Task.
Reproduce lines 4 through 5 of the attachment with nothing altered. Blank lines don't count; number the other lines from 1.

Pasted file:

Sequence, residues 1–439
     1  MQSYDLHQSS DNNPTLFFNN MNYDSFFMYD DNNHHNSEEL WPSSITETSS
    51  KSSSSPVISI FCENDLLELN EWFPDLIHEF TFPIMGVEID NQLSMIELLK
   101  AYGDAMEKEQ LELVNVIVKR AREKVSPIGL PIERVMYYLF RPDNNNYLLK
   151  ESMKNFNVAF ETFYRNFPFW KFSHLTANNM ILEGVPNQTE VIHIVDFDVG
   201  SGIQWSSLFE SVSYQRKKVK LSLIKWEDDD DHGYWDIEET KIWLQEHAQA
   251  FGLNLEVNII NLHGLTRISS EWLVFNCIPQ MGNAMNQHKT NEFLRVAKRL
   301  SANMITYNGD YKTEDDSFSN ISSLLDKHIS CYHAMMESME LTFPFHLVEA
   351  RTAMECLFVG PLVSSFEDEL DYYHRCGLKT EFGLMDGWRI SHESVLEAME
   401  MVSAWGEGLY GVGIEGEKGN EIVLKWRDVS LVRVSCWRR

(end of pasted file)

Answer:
   101  AYGDAMEKEQ LELVNVIVKR AREKVSPIGL PIERVMYYLF RPDNNNYLLK
   151  ESMKNFNVAF ETFYRNFPFW KFSHLTANNM ILEGVPNQTE VIHIVDFDVG